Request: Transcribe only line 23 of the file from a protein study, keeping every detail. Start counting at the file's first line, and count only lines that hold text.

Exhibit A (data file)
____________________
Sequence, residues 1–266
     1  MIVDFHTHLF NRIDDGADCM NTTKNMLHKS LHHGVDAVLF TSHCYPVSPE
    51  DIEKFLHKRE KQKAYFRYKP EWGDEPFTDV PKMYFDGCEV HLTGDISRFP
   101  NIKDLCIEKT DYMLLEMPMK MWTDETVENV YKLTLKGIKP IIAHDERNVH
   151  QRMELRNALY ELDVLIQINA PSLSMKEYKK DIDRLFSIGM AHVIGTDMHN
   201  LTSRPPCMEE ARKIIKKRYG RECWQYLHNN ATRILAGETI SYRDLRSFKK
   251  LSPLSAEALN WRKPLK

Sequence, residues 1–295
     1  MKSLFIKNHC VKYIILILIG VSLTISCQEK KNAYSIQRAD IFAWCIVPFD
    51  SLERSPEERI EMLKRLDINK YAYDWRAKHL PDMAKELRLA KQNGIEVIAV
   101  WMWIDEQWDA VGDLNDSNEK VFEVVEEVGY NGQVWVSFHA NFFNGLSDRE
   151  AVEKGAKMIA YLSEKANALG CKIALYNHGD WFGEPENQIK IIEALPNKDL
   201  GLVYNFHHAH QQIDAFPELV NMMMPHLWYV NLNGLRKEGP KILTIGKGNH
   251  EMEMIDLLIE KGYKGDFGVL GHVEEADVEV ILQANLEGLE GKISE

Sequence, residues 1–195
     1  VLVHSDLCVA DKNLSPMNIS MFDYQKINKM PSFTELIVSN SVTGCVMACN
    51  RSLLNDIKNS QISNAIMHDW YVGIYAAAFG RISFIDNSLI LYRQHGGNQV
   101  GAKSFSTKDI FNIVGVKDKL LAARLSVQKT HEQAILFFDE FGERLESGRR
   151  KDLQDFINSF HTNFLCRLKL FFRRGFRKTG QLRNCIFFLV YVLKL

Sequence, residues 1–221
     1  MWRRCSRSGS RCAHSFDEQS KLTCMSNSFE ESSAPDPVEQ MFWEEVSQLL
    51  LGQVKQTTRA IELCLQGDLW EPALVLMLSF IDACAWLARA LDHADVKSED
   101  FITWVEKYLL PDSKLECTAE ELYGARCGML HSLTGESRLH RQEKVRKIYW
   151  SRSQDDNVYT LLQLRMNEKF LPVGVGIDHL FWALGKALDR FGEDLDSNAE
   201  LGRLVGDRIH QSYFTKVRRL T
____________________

   101  FITWVEKYLL PDSKLECTAE ELYGARCGML HSLTGESRLH RQEKVRKIYW